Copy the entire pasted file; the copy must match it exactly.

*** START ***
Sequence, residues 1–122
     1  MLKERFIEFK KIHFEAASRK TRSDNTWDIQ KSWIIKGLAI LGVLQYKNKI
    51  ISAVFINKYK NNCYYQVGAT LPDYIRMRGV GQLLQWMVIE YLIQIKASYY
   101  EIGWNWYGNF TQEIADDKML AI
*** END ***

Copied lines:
Sequence, residues 1–122
     1  MLKERFIEFK KIHFEAASRK TRSDNTWDIQ KSWIIKGLAI LGVLQYKNKI
    51  ISAVFINKYK NNCYYQVGAT LPDYIRMRGV GQLLQWMVIE YLIQIKASYY
   101  EIGWNWYGNF TQEIADDKML AI